The trail slowly ascends the 13’er (what you call peaks more than 13,000 feet above sea level) with nonstop views the whole way. Make sure to keep an eye out for the marmots that frequent the area. Once you reach the summit, there are several wind shelters to duck behind if you need a break. There’s also usually a small container with a notebook to sign your name and write a little word of wisdom. So be sure to make your mark on the world (except don’t literally mark anything but the notebook; remember Leave No Trace principles).

Related Read: 9 Natural Hot Springs in Colorado for Soaking Away Your Troubles

4. Lake Isabelle

Why you should go: To hang out on a beach nearly 11,000 feet above sea level.

  • Nearest town: Ward
  • Difficulty: Moderate
  • Distance: 5.5 miles
  • Elevation gain: 550 feet

Like many of the best hikes in Colorado, the path to Lake Isabelle can be quite crowded on a summer weekend. There are several beautiful lakes in Brainard Lake Recreation Area, but Lake Isabelle truly takes the cake when it comes to scenery. The parking lots near the Long Lake and Mitchell Lake trailheads fill up quickly (think 7:00 a.m.) so get there early or expect to walk an extra mile each way to the trailhead.

You walk along a portion of Long Lake and then take the turn towards Lake Isabelle and head towards Pawnee Pass. Once you get on the Isabelle Glacier trail, you’ll likely see one of the area’s resident moose. Make sure to give any moose you see a very wide berth. If you can’t safely pass them, turn around.

If you hike this trail in August, you’ll notice the lake is mostly drained. Every year a private company that owns the reservoir drains the lake to use the water for agriculture.

Related Read: 11 Easiest 14ers in Colorado for Newbies to the High Peaks

5. Rattlesnake Arches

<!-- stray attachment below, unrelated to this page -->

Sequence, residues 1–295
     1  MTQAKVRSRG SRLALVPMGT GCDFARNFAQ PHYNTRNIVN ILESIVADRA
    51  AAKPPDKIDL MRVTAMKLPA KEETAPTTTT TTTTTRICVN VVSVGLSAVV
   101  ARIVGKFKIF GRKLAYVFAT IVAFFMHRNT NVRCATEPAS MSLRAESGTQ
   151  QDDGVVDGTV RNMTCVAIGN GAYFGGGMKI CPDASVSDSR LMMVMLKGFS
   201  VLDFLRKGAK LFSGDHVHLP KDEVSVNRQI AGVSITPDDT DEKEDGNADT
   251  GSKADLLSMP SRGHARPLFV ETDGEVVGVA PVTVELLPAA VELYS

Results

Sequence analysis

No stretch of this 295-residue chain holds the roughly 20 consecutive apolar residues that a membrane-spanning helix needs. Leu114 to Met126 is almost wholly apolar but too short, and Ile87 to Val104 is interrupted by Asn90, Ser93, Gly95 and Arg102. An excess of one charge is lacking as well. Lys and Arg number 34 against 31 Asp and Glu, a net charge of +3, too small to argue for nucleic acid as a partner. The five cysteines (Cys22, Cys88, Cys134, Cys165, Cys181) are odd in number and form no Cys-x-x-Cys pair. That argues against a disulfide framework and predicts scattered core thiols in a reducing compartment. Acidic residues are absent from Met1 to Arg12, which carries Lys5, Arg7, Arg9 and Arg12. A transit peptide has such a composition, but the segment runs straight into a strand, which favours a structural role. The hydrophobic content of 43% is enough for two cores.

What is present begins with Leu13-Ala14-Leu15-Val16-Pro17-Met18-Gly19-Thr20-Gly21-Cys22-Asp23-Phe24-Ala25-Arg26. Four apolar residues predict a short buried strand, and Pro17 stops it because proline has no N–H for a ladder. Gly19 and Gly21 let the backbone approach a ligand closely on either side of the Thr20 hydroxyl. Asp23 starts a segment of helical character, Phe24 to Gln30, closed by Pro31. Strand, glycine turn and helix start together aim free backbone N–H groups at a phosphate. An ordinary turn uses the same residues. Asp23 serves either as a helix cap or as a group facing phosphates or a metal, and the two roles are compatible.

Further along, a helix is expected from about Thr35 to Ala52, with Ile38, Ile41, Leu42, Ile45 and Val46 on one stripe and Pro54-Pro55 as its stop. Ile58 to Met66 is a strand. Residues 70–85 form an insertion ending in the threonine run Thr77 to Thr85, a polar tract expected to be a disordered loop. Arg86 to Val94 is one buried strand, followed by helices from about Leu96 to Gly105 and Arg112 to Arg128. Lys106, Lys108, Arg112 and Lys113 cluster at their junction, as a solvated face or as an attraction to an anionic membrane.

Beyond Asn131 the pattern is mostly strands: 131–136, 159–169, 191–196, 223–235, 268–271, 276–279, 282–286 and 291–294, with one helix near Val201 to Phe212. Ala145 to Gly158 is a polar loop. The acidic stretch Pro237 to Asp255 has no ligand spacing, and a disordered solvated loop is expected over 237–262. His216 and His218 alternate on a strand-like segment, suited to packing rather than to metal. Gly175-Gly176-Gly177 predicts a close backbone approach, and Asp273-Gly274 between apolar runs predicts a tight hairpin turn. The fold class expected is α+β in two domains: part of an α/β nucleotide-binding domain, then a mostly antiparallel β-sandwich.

Why you should go: See natural arches without the crowds of a Utah national park.

  • Nearest town: Grand Junction
  • Difficulty: Challenging
  • Distance: 14 miles
  • Elevation gain: 2,500 feet

Western Colorado has some incredible national monuments and conservation areas, but they always seem to be overshadowed by the more popular national parks. But if you want to hike in the area and do only one trail, make sure it’s the Rattlesnake Arches Trail. It has the largest concentration of red sandstone arches outside of the famed Arches National Park in Utah. The crowds are nowhere near as large as those you’d find in Colorado’s four national parks throughout the state (or Arches, for that matter).

The area around the trail (McInnis Canyons National Conservation Area) has dozens of arches, giant alcoves, pictographs and petroglyphs, natural bridges, and spires. If you like rocks, this place fits the bill.

Related Read: The 10 Best Hikes Near Grand Junction, Colorado

6. Chief Mountain

Why you should go: Big bang for very little buck.

  • Nearest town: Idaho Springs
  • Difficulty: Easy to moderate
  • Distance: 3 miles
  • Elevation gain: 1,000 feet

Chief Mountain tops out just above the treeline (it’s 11,709 feet above sea level) with 360-degree views from the rock outcrop at the summit. The hike is short and easy for most people, and the trailhead is just off Squaw Pass Road on the opposite side of Echo Mountain Ski Area. The small parking area creates a battle for spaces on busy summer weekends, so get there early to avoid the crowds. Better yet, go on a weekday.

The 1.5 miles to the summit are a steady but moderate and even climb. And you’ll have views of Rocky Mountain National Park, Mount Evans, Pikes Peak (on a clear day), and Grays and Torrey’s Peaks.

Related Read: 7 Beautiful Hikes Near Red Rocks Amphitheatre, Colorado

7. Dream and Emerald Lakes

Why you should go: To see your alpine dreams in real life.

  • Nearest town: Estes Park
  • Difficulty: Easy
  • Distance: 3 miles
  • Elevation gain: 750 feet

Rocky Mountain National Park has several hikeable lakes, each of which has its own appeal. Dream and Emerald Lakes are no different. Hallett Peak is the jaw-dropping backdrop for both lakes and is perfect for taking some epic RMNP photos.

The trail isn’t hard, so expect a lot of crowds with this one. You can cut down on a lot of the traffic if you do it as a sunrise hike. The path begins at the Bear Lake parking area, which has very limited parking. You should get there early (or better yet, take the free shuttle). You’ll pass Bear and Nymph lakes prior to getting to the more picturesque Dream and Emerald lakes. And if you want to tack on a fifth alpine lake, add Lake Haiyaha to the route.


8. Mount Sniktau and Grizzly Peak Traverse

Why you should go: Bag three 13’ers in a day.

  • Nearest town: Montezuma